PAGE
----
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Friday, 18 April 2014

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New plan for £5.5m stadium

WHITEHAVEN looks certain to have a brand new £5.5 million community sports stadium.

Funding cuts mean that the full £8.7million Pow Beck Sports Village cannot go ahead as planned.

However, a revised scheme will start with a community stadium combining rugby league and soccer ready for use in two years time.

The cheaper scheme will overcome funding cuts but take just under 5,000 spectators – 3,000 fewer than originally planned.

An 8,000-capacity stadium would have met RL Super League standards but Whitehaven Rugby League Club has since been relegated to the lowest division and suffered administration.

The new Whitehaven club will share the facility with Whitehaven Association Football Club.

It is hoped to gain planning approval by August this year, with construction starting a month later and being completed in January 2013.

Faced with having to repay £75,000 after standing guarantors for a loan before the RL club went into administration, the borough council is keen to ensure no financial liability falls on it over the development. It will, however, serve as “an accountable body” over funding applications and grant conditions.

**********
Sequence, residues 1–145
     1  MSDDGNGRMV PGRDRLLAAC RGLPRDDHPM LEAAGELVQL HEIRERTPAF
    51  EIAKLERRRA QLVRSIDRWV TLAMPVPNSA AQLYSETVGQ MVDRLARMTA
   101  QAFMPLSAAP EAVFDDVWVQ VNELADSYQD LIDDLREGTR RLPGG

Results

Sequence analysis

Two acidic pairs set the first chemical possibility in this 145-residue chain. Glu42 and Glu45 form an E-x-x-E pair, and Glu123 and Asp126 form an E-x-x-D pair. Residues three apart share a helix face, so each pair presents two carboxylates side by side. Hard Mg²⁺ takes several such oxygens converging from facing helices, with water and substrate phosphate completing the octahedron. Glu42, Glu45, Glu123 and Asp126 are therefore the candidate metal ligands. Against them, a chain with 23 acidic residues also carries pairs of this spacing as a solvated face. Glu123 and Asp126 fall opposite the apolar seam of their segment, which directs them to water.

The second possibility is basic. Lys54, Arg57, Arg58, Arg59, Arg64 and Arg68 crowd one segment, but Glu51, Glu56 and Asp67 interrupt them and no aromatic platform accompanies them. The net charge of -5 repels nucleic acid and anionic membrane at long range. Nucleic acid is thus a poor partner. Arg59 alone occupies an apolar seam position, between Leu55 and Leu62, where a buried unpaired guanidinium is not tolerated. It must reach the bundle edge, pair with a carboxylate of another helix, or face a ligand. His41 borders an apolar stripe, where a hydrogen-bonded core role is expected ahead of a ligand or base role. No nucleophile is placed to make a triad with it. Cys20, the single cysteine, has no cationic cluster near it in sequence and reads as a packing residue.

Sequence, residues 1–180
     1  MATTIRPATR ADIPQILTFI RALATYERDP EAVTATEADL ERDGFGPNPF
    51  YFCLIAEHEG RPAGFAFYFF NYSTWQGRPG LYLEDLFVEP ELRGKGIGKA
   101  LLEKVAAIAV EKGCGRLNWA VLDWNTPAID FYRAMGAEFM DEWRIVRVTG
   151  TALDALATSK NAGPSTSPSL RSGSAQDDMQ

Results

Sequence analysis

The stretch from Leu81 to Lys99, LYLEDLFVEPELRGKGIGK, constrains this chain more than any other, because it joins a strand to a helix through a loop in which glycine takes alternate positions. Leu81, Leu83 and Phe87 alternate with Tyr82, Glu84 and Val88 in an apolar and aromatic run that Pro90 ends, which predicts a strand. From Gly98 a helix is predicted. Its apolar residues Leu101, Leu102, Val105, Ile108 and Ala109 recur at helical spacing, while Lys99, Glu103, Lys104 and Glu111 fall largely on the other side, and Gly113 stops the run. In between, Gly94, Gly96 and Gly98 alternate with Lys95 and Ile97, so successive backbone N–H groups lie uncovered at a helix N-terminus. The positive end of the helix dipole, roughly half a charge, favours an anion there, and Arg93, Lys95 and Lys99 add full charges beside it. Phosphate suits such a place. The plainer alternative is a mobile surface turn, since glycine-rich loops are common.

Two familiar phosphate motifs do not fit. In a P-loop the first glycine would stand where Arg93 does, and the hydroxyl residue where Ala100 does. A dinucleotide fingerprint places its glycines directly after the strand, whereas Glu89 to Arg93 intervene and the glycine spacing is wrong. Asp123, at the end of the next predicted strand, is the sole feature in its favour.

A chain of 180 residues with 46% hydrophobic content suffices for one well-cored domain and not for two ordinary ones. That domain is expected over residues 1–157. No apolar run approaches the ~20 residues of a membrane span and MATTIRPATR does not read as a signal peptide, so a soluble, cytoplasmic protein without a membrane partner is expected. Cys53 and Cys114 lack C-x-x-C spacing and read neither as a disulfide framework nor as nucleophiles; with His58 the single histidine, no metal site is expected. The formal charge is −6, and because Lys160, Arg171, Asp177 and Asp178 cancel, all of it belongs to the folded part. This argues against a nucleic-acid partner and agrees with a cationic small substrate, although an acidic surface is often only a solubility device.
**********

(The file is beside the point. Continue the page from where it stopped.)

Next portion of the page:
A report to Copeland Council’s Executive says the RL club has a much healthier standing following administration, which cleared £300,000 worth of debts.

The council is involved in a partnership to drive the scheme forward but will not be putting any of its own money in.

Described “as a centrepiece for staging rugby league and soccer”, the stadium will be built on land already owned by Whitehaven Association Football Club rather than the adjoining Recreation Ground pitch, which Whitehaven RLFC has played on since 1948.

Copeland Council is being recommended by corporate officers to put its full weight – but not money – behind the stadium and at a meeting next Monday will ask its Executive committee to give its collective support.

Tory members, adamant that the wider Pow Beck Sports Village scheme is not viable, have already voiced objections but the Executive is made up entirely of Labour councillors.

Consultants say that Pow Beck Valley “remains a valid regeneration objective” and also advise that the best way forward is a phased development of the proposed community stadium.

This is the preferred option. It means that the stadium will be built on land owned by the soccer club which has agreed to enter into a 99-year lease with a partnership of Copeland Council, Whitehaven Rugby League Football Club, Whitehaven Association Football Club and Britain’s Energy Coast which has earmarked £4 million for the project. Another £355,000 (from a £500,000 BNFL gift) has also been ring fenced.

The Rugby Football and the Football Leagues are also in support and said to be potential financial backers.

Copeland Community Fund and brewery loans are also being explored to fill a £1.15 million balance.